"The Man from St. Petersburg" by Ken Follett
One day in May, 1914, a Russian price arrives in London. Ostensibly he is there to visit his aunt and uncle, the earl and countess of Walden. Only a few know the real purpose of Prince Orlov's trip: to work out a treaty of the highest importance in the face of impending war with Germany.... While the men negotiate, Lydia Walden prepares for her daughter Charlotte's presentation at court.
Beyond the protection afforded by the Walden mansion lurks an anarchist sworn to murder the prince, a fanatic whose secret hold over Lydia empowers him to destroy her private world even as he threatens to tip the balance of world power....
Here again is that heady mix of suspense and romance that gripped readers of "Eye of the Needle" and "The Key to Rebecca" and has become the unmistakable Ken Follett trademark.
"Pioneer Women: Voices from the Kansas Frontier" by Joanna L. Stratton
The unique collection of memoirs that was to become "Pioneer Women" was discovered in 1975 by a young Harvard College student, Joanna Stratton. "Ever since childhood," she writes, "my grandmother's spacious Victorian Home in Topeka, Kansas, had been a source of endless fascination for me. My favorite place was the expansive third-floor attic. In fact, it was my continuing curiosity about the treasures hidden there which led me to the filing cabinets wedged beneath the eaves. Rummaging through family letters, I came upon several drawers filled with old yellowing folders. Carefully labeled, they contained the personal memoirs of eight hundred Kansas women.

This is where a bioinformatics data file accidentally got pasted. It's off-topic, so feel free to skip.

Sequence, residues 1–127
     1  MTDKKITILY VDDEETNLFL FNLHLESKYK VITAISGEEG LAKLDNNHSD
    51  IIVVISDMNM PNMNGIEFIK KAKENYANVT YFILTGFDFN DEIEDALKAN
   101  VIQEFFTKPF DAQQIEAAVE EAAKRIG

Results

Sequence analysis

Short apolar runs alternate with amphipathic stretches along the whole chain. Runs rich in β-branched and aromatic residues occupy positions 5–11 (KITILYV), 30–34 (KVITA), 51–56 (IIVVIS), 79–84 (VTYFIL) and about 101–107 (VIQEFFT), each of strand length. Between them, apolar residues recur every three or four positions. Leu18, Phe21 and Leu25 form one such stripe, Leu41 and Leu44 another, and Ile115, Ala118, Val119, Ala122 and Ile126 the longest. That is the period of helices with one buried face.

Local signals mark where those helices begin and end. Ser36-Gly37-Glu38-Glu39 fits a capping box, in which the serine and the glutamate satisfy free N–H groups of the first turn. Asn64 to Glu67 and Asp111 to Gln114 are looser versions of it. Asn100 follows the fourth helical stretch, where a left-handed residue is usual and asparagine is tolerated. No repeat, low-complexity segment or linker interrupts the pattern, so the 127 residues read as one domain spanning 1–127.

"No Escape" by Joseph Hayes
"I love you," Donald told Brenda before she ran out of the house.
"Alway remember that. Nothing else matters."
Donald was wrong. Living without fear mattered. Her own sanity mattered. And so did Toby, her small son, who was terrified of his father's uncontrollable, violent rages.
Escape. She had to escape.
But for Brenda Forrest and Toby and for the loving friends who gave them a place to hide, the long night of fear was only beginning. Because Donald was determined to hunt Brenda down. To take her back. And to anyone who got in his way - beware!
A heart-pounding psychological thriller by the author of "The Desperate Hours".
"The Citadel" by A.J. Cronin
When Andrew Manson earned his medical degree, he was full of hope and idealism. Ahead of him lay a bright future, a citadel to conquer.
In the remote mining towns of Wales, Manson's visions were put to the test. During those early days of practice, only his dedication to the healingarts and the love of his gallant young bride sustained him. Later, when Manson was finally enjoying prosperity as a London physician, his stunning material success was, in turn, put to the test. An overwhelmingly tragic shock made Andrew realize that he had lost sight of his earlier goals and gave him the determination never again to forget them.
A.J. Cronin, himself a doctor, wrote this modern classic in the 1930s. We offer it now in tribute to him. Time has not dimmed the courage and inspiration that shine from its pages.